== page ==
Woodvine stated that CUSU should show prospective students that they will be financially supported in their time here, while student unions should lobby the government against tuition fee increases by, for example, boycotting the National Students’ Survey. Sharry agreed with this, adding that she would also want to collaborate with Cambridge Defend Education, a student activist group which campaigns against university marketisation, citing her opposition to recent proposals for two-year degrees.

Woodvine added that she wished to improve collaboration in access work across the University, including JCRs, MCRs, and the Cambridge Admissions Office, arguing that this would enable CUSU to be a “stronger force” and come to “faster solutions”. Sharry cited her wish to combat student “alienation”, having emphasised that access is “emotional” as well as academic.

Disabled Students’ Officer contest sees convergence

Candidates Jess O'Brien and Beth WaltersBella Peng

Although this is the first time the position of Disabled Students’ Officer has been contested, the two candidates had more in common than set them apart, with the two often verbally agreeing with each other’s policies.

They did have differing policies, however, with Jess O’Brien advocating for a league table showing the disparity in the implementation of reasonable adjustments between colleges and faculties, whilst Beth Walters stated she would create a “buddy system” like the LGBT+ family system run by the CUSU LGBT+ Campaign.

When asked about their number one priority in the position would be, Walters said she the creation of a disabled students’ representative on every college’s JCR and MCR committee, whilst O’Brien cited her league table.

Both candidates were confident that they could successfully lobby the University. O’Brien said that she is “used to fighting college and University structures” – such as confronting Pro-Vice-Chancellor for Education Graham Virgo on the issue of offering hot drinks for finalists who have filled out the National Students’ Survey. Walters said that he has a lot of experience dealing with the university administration and “a lot of old white men”.

University Councillor candidates dispute on how to drive changes

The two candidates had different approaches on how they will be in the University Council, how to push for divestment, deal with university management, and accountability.

Poppy Cockburn, a first-year and JCR green officer, presented herself as someone who would not be intimidated by other members of Council, the University’s executive decision-making body, and that her experience at Zero Carbon has given her an “intimate knowledge” on how Council operates. Tamzin Byrne, a business Masters student, stressed her background as current MCR president of Murray Edwards and a charity trustee, arguing that she would be equipped to judge University Council finances.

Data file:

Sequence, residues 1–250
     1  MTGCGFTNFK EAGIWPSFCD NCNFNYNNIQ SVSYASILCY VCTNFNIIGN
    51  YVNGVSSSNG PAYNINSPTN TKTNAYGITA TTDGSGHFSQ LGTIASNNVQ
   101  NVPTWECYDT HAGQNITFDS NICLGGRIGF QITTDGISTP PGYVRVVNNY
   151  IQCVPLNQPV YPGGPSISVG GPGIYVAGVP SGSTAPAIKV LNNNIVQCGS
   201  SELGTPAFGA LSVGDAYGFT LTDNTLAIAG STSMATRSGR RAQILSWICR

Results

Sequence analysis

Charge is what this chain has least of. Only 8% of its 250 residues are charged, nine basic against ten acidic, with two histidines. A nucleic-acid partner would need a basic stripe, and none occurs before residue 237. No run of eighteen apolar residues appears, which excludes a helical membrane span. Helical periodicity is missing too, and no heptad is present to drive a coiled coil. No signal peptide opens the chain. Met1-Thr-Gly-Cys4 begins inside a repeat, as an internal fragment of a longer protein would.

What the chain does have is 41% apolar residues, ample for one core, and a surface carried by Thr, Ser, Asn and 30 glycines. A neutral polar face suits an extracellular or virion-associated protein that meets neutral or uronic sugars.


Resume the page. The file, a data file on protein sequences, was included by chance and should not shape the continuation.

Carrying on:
Byrne said her experience in different areas of the University enables her to act as a bridge between students and sabbatical officers with her knowledge on how the University work. Cockburn admitted that as a fresher, she does not have the same experience as Byrne on working with management. However, she argued that her experience as Green Officer in the JCR is “more relevant” as she will be more in tune with “what students want”.

On the issue of divestment, the candidates differed over how to make it happen within the Council. Byrne put forward that she would ensure that divestment initiatives mesh with legal and financial realities of the University, and would propose “actual alternatives” to make sure that change happen in the near future. Cockburn argued that a “gentle lobbying perspective” cannot be deployed as it has not yielded success in its previous deployment. She further put forward that the divestment working group was “doomed” from the beginning, advocating for pushing the University at a “hard angle”.

Regarding accountability, Cockburn stressed that her experience demonstrates that she will be representing the students, not the management, and that she will work with sabbatical officers to keep abreast of student issues, whereas Byrne said that she would use her blog to report on her progress and keep up with students using polls.

An uncontested race for Ethical Affairs sees little drama

Jake Simms and Alice Gilderdale, current Ethical Affairs officers running for re-electionBella Peng

In the only uncontested race of the night, current Ethical Affairs Officers Alice Gilderdale and Jake Simms spoke on their experiences in college-level and University-wide activism, with the majority of the discussion orienting around the candidates’ shared conviction that Cambridge should divest its endowment from the fossil fuels sector.